Last week Bob blew into Laurelwood Brewery on a pouring-rain-day, took off his oiled hat and handed me a fresh cottonwood twig, heavy with sticky red buds. New cottonwoods present one of my favorite smells on Earth. If I could bottle it I’d soak my hair in that scent every night. I’ve been smelling them down by the rivers here for the last couple of weeks, and they always remind me of living in Missoula and walking over the Clark Fork bridges on spring nights, on the way home from writing workshops. I first met Bob when he was a visiting writing professor for the University of Montana’s Environmental Studies Program. It was one of my favorite classes. Ever. Bob looks like Santa meets Jerry Garcia. He is an astute naturalist, a world-famous lepidopderist, a fellow lover of otters, a fine writer and teacher, and a kind mentor and friend. He has this infectious zest for life. He also used to wear a utility kilt, dance to Van Morrison, routinely stay up until 3 am, and enjoy drinking pints and eating fine English cheeses. And he wrote a book about Bigfoot. I visited him and his dear wife Thea at their Gray’s River, Washington home a few years ago, and we’ve kept in touch ever since. I recommend any of his many books. Besides the cottonwood, Bob also gave me a copy of High Desert Journal containing his sweet little poem:
The Girl With The Cockleburs In Her Hair
We were talking about how children don’t
get out any more. She showed me
her daughter on her telephone:
big pout, and four big burs
caught up in her hair.
That girl, I said, is
going to be
~ ~ ~
And yesterday I finally met the delightful Mr. Doyle after years of corresponding, trading jokes, and occasionally poking fun at one another. Brian is the editor of Portland Magazine and author of many a fine book and essay. He seems to encounter everything with admirable wit, good humor, reverence, and wonder, and there is a palpable brightness and shiny-eyedness about him. The kind of thing you hope will rub off on you just a little. We talked about books and the hearts of whales and hummingbirds and watching kids watch giant sturgeon and soccer and police blotters and Hemmingway and writing and how-to-find-a-job and religion and Mt. Hood. Our lunch breathed some new excitement and energy and inspiration into me.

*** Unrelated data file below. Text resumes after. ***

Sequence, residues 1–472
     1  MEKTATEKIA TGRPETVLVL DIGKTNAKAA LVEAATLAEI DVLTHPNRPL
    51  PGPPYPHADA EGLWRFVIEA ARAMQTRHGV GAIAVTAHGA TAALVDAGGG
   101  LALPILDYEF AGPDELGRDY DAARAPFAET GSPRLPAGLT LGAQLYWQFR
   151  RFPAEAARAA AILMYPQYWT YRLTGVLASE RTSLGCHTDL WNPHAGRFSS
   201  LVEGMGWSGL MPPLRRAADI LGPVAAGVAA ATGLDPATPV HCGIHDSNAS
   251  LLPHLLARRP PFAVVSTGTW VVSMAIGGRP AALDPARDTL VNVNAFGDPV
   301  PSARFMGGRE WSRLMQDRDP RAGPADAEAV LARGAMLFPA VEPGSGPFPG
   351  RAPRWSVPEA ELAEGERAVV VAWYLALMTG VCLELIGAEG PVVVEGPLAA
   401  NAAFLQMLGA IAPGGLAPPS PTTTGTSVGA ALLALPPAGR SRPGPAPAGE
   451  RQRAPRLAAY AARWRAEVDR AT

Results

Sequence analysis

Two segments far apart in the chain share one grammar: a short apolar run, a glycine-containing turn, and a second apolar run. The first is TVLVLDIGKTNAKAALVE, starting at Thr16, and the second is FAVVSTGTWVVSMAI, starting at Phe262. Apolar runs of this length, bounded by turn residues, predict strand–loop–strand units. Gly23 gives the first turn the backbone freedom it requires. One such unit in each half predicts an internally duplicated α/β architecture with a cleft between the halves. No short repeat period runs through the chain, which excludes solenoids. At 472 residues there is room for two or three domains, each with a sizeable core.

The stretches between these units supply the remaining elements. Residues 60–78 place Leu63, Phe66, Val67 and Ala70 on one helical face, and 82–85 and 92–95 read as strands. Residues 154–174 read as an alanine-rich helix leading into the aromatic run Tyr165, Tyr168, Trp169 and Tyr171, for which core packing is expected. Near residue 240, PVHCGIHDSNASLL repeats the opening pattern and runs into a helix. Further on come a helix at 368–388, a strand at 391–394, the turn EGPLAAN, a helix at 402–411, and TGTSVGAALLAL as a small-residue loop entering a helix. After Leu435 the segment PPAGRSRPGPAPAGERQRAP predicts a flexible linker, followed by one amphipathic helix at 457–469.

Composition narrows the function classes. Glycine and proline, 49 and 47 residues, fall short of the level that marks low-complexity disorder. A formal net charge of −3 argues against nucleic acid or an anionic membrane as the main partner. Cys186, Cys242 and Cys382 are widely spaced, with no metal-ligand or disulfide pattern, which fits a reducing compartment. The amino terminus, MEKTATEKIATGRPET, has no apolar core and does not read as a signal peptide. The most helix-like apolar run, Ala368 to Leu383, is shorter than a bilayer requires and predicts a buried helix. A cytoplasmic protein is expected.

For this I am very grateful.
It got me thinking about writing. And about thinking. . . about how our questions define us, about why searching, why longing, why wondering, matters. Why it is worth the heartache. It got me thinking about how if we don’t stand in our own way, we just may be dazzled by what kind of creatures we are so patently and brilliantly and utterly and wholly and holy capable of becoming…We are capable of anything. And that is really freaking exciting. . .
It also reminded me of one of my favorite little essays, which I shall now share with you.
Brian is a master of the short form essay, and this one is truly worth the read:
How We Wrestle Is Who We Are
By Brian Doyle